The Way We Live Now
"Trollope did not write for posterity," observed Henry James. "He wrote for the day, the moment; but these are just the writers whom posterity is apt to put into its pocket."
Considered by contemporary critics to be Trollope's greatest novel, The Way We Live Now is a satire of the literary world of London in the 1870s and a bold indictment of the new power of speculative finance in English life. "I was instigated by what I conceived to be the commercial profligacy of the age," Trollope said.áHis story concerns Augustus Melmotte, a French swindler and scoundrel, and his daughter, to whom Felix Carbury, adored son of the authoress Lady Carbury, is induced to propose marriage for the sake of securing a fortune. Trollope knew well the difficulties of dealing with editors, publishers, reviewers, and the public; his portrait of Lady Carbury, impetuous, unprincipled, and unswervingly devoted to her own self-promotion, is one of his finest satirical achievements.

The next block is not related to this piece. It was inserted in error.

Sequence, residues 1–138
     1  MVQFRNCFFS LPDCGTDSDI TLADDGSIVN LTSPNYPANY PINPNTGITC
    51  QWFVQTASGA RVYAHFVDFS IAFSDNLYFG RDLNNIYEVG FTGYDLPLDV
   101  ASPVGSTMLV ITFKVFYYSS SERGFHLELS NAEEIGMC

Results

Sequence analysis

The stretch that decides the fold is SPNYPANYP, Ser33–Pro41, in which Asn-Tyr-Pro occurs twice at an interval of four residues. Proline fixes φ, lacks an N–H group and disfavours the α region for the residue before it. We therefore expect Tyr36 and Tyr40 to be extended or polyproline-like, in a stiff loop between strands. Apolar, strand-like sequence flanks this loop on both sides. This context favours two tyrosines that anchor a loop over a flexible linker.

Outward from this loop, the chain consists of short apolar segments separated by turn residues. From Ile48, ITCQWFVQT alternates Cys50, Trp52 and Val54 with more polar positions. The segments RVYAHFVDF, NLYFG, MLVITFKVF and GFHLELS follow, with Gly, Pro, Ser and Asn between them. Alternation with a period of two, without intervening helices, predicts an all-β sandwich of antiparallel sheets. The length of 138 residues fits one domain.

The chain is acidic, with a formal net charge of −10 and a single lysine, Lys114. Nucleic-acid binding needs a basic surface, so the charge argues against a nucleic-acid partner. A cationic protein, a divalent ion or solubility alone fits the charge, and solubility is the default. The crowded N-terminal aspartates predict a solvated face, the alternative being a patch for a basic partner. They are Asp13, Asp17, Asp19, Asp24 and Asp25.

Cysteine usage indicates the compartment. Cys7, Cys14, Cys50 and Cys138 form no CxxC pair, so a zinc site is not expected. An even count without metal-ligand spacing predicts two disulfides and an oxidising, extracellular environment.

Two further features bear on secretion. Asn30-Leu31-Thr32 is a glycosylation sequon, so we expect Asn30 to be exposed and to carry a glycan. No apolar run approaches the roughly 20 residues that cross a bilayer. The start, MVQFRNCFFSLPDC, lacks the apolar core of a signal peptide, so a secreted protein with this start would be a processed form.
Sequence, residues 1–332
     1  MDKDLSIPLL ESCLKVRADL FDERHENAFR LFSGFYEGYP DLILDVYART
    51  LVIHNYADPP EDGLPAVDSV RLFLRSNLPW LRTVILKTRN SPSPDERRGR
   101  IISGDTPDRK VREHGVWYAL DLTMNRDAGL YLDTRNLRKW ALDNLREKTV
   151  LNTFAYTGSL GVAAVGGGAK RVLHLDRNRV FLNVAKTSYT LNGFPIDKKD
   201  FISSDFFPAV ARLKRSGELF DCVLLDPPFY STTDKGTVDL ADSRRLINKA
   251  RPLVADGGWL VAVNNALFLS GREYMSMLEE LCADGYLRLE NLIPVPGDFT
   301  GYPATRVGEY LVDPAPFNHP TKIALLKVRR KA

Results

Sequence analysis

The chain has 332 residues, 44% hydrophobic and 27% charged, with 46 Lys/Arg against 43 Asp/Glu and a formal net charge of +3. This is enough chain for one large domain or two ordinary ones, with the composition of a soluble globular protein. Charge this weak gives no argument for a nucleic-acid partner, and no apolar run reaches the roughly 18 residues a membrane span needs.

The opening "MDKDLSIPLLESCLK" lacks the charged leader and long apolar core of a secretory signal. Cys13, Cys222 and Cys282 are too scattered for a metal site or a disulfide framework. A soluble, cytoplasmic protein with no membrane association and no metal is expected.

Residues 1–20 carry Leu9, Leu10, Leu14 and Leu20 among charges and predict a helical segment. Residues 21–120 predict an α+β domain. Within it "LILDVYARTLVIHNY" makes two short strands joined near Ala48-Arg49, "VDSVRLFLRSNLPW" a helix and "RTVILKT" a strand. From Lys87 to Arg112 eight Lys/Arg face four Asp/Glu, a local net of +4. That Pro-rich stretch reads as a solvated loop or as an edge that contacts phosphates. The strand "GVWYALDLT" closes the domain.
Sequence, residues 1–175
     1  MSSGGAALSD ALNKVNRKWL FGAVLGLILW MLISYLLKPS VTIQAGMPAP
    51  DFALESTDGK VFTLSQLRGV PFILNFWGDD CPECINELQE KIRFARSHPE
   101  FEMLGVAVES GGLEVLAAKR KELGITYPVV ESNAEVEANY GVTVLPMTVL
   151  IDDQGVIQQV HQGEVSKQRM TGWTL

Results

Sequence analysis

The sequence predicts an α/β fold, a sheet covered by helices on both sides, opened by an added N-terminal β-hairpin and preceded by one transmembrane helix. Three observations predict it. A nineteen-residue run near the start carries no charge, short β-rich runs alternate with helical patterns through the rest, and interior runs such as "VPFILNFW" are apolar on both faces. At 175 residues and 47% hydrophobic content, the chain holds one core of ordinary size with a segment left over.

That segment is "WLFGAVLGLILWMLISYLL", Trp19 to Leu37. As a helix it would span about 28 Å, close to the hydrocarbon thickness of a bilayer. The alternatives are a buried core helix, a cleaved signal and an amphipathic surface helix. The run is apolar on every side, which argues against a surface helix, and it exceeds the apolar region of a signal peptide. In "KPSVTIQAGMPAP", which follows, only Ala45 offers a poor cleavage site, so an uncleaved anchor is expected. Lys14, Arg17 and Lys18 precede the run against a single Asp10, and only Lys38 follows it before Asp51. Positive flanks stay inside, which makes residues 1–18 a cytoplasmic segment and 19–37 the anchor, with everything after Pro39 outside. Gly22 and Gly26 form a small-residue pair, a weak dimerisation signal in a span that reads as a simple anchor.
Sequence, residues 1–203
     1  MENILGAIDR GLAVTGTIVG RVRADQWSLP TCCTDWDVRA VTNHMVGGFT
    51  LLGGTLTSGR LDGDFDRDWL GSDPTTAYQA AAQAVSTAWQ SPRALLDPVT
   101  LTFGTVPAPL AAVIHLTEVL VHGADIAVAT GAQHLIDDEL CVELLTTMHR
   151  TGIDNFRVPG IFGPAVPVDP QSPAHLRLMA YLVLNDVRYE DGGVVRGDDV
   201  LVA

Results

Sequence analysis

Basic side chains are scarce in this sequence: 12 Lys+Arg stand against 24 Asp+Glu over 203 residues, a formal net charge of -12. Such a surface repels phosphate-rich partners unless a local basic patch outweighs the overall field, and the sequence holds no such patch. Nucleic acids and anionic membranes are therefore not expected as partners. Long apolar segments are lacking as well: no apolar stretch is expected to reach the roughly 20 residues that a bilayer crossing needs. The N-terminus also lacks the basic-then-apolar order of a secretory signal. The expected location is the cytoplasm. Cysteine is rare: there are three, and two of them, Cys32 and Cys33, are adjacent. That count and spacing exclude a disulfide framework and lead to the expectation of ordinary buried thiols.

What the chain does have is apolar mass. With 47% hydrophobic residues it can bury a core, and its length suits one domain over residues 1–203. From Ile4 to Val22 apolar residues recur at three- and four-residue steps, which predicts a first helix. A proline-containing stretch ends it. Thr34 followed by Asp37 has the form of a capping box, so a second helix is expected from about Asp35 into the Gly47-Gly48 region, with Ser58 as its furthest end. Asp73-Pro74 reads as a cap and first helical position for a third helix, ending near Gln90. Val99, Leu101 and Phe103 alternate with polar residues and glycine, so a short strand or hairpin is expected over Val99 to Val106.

His picture of late nineteenth century England is of a society on the verge of moral bankruptcy, where the traditional virtues of Tory squirearchy, represented by Roger Carbury, prove to be no match for the financial genius of Augustus Melmotte. In The Way We Live Now Trollope combines his talents as a portraitist and his skills as a storyteller to give us life as it was lived more than a hundred years ago.
For more than seventy years, Penguin has been the leading publisher of classic literature in the English-speaking world. With more than 1,700átitles, Penguin Classics represents a global bookshelf of the best works throughout history and across genres and disciplines. Readers trust theáseries to provide authoritative texts enhanced by introductions and notes by distinguished scholars and contemporary authors, as well as up-to-dateátranslations by award-winning translators.
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